American buyers LOVE pickup trucks. The Ford F-150 has been the best selling vehicle for the last 30+ years. During, this time, Ford typically sells ~1 million F150’s each year.
Due to the cost structure of vehicle development, sales volume and customer pricing, pickup trucks are also tremendously profitable for automakers. This often allows them to subsidize the development costs of smaller, more fuel efficient vehicles.
And, here’s where the Tesla, Cybertruck, benefits most; vehicles with electric powertrains are extremely fuel efficient. When you own a pickup truck, the typical buyers need the vehicle to do 2 things well: hauling and towing. These buyers want to place lots of items into the pickup truck bed and they want to be able tow their boats or trailers.
In exchange for this, buyers typically have had to make big trade offs in fuel efficiency. That’s why pickup trucks are often known as gas guzzlers. Up until now, buyers have accepted this trade off because quite frankly, there haven’t been any other options.
Tesla has essentially taken their electric powertrain that combines advanced electric motors and battery technology and paired it with the most desirable vehicle type in America.
Most of the hot takes on the launch have focused on the look. Some people like it, most people don't. However, the aesthetic appeal or lack thereof completely missed the point. If you dive deeper and analyze the towing and hauling capabilities (the areas buyers care most about), the Cybertruck exceeds expectations. Tesla knows this. This is why during the Cybertruck reveal, they showed the Cybertruck and an F150 engaged in a towing competition. As you might imagine, the Cybertruck won. The torque benefits of electric motors are extremely hard to compete with.
In technology development, this is one of the key insights that has made technology based innovation so successful over the last several decades. Technology companies have excelled on the core of their product or service offering being exactly what customers want and then relentlessly iterating and improving on everything else. The end result of this approach is a solution that delivers a big delta between the established solution and the newly developed solution.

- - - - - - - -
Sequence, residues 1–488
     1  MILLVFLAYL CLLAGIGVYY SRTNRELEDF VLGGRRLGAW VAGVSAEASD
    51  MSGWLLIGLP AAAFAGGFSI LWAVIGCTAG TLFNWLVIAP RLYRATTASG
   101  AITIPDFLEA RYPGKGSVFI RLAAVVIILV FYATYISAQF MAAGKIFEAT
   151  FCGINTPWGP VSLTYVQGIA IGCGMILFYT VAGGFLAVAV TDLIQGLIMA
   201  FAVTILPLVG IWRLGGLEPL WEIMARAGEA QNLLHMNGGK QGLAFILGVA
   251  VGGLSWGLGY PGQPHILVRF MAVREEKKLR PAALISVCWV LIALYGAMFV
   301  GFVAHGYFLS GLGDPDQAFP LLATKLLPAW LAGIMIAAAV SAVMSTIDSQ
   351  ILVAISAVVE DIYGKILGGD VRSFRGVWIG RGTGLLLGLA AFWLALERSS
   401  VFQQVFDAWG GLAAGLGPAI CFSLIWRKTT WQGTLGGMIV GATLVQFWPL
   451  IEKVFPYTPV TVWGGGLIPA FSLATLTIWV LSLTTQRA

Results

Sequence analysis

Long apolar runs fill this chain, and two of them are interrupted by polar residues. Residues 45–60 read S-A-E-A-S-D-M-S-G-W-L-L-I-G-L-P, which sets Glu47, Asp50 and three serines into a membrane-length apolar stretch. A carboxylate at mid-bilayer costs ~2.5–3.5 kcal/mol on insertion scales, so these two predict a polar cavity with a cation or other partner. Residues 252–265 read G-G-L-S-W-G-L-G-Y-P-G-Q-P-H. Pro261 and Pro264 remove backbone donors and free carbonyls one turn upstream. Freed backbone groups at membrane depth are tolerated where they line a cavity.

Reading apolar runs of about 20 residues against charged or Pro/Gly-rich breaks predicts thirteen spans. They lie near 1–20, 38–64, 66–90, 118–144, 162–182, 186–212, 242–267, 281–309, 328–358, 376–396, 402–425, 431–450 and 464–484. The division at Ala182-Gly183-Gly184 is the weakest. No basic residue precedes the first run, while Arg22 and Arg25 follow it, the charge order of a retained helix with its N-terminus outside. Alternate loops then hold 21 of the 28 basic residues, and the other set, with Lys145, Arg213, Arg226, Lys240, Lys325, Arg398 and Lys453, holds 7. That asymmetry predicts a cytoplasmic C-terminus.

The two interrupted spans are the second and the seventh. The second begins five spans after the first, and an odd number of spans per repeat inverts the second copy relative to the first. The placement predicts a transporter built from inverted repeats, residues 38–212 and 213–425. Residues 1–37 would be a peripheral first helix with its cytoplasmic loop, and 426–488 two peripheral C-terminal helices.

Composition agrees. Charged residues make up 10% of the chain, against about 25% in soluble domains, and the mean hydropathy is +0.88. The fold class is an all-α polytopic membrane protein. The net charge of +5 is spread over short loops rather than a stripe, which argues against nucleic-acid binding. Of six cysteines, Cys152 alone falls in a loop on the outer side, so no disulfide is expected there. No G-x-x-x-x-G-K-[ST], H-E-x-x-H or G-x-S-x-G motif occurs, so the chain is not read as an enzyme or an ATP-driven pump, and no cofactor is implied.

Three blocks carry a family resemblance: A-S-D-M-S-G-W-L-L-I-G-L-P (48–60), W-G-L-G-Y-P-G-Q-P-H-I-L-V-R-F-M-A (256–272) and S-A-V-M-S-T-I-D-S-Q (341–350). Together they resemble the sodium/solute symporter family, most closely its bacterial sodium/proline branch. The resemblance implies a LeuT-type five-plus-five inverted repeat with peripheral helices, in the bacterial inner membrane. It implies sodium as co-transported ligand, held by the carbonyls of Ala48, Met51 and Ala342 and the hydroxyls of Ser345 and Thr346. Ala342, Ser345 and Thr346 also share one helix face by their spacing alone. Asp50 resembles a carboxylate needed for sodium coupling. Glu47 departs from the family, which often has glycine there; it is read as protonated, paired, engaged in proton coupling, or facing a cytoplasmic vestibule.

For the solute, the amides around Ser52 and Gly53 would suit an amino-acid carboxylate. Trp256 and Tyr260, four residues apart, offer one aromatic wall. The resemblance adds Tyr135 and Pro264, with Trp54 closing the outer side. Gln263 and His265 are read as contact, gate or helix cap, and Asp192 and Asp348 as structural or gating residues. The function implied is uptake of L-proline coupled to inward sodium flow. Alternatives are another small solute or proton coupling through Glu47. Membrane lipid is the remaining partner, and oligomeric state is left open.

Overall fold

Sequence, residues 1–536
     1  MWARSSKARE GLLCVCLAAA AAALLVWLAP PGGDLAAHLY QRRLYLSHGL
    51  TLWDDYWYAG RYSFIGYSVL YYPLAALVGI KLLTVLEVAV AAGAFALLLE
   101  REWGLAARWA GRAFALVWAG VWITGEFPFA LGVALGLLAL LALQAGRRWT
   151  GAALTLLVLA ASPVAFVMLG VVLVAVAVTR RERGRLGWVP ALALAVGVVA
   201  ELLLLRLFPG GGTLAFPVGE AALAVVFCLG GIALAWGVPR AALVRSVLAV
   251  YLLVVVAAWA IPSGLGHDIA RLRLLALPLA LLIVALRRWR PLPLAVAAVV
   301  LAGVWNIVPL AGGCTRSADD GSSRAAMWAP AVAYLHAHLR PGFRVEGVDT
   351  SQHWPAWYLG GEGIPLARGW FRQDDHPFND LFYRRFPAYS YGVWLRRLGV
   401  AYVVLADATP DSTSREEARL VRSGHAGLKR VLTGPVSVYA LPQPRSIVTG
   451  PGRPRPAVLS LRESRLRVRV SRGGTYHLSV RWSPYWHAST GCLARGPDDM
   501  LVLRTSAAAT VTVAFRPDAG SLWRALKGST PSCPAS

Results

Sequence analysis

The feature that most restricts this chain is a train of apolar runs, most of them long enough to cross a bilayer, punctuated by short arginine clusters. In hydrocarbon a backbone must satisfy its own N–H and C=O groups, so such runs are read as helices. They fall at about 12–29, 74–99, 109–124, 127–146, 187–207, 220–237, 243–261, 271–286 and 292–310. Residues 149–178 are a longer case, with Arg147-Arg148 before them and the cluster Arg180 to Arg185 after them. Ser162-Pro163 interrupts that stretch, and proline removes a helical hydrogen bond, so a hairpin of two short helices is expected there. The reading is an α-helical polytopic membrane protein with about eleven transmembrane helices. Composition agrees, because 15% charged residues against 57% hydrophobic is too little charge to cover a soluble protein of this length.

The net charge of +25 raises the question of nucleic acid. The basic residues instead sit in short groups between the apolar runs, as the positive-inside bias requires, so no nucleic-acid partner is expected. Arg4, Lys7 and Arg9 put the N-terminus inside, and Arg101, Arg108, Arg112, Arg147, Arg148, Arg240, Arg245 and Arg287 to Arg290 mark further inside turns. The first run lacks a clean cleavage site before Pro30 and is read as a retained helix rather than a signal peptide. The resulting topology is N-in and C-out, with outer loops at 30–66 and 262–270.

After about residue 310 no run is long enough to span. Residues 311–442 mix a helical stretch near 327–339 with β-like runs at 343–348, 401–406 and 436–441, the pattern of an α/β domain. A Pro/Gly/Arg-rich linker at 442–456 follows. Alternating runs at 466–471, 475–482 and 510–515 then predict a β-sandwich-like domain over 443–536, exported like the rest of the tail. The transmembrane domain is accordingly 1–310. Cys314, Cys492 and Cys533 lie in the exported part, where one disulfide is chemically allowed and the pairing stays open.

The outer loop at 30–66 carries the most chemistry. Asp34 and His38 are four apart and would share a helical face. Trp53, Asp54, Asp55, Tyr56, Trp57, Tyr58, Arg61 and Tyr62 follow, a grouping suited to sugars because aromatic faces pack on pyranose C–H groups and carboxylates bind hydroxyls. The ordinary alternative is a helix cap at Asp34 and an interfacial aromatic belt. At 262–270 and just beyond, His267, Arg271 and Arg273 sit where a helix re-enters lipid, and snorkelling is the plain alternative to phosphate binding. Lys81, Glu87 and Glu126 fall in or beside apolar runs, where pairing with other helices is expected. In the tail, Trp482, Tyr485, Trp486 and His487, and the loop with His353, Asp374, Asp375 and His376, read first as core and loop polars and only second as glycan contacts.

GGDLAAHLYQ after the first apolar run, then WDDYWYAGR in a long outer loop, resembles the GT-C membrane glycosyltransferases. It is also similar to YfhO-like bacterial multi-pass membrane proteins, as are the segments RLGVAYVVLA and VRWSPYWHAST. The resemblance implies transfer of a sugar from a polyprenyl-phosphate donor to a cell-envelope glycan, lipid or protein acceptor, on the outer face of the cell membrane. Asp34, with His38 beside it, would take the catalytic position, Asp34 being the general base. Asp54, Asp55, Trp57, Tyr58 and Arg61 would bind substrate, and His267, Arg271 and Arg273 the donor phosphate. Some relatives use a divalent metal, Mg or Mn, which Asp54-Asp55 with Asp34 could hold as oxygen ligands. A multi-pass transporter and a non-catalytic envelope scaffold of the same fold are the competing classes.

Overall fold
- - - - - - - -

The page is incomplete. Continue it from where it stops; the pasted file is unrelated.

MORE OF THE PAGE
Remember the iPhone
When the iPhone first launched in 2007, Apple was really only trying to solve for how to bring together your personal music collection and your phone. From their experience with the iPod, they already had an understanding of how to make a personal music collection portable. They just needed to learn how to combine that with a phone.
The initial iPhone was good not great at the jobs to be done (carrying my music and making phone calls). However, it was good enough that customers gave Apple permission to improve. As Apple added and improved on functionality, it went from novelty to a core element of our daily lives.
Where it gets interesting is Apple worked hard to get the form factor right from the very beginning. They carefully thought about how would they miniaturize and fit all this technology into something that could fit in your pocket. Customers were willing to invest alongside Apple in helping their technology development efforts improve over time. And now, Apple’s iPhone is still the best selling smartphone 10+ years after its introduction.
Back to the Cybertruck
Here’s what makes the Cybertruck so efficient, the big challenges of hauling and towing have only previously been solved by larger gas guzzling engines and heavier vehicle frames. This means that pickup truck development has in many ways reached a natural limit.
Traditional automakers have innovated in the use of lighter weight materials and other iterations to engine design but didn’t address the problem at a systems level. The powertrain and the vehicle frame/structure needed to dramatically evolve so that customers could get all the benefits they required without having to directly pay for them in lower fuel economy.
Tesla’s Cybertruck has done this in the most efficient and effective way. The look and the unbreakable windows (which broke during the demo) are all things that can be solved in future iterations of development. The cycles for frame design and windows are much shorter than the very difficult challenge of powertrain and vehicle weight.
Using a technology first development process, Tesla has solved a problem in a decade that has alluded traditional automakers for a century. My hypothesis is that automakers in Germany, Japan, Korea and the United States are all going to push had to figure out how to quickly launch an all-electric pickup truck in the near future. The real question, how could they not have seen this coming?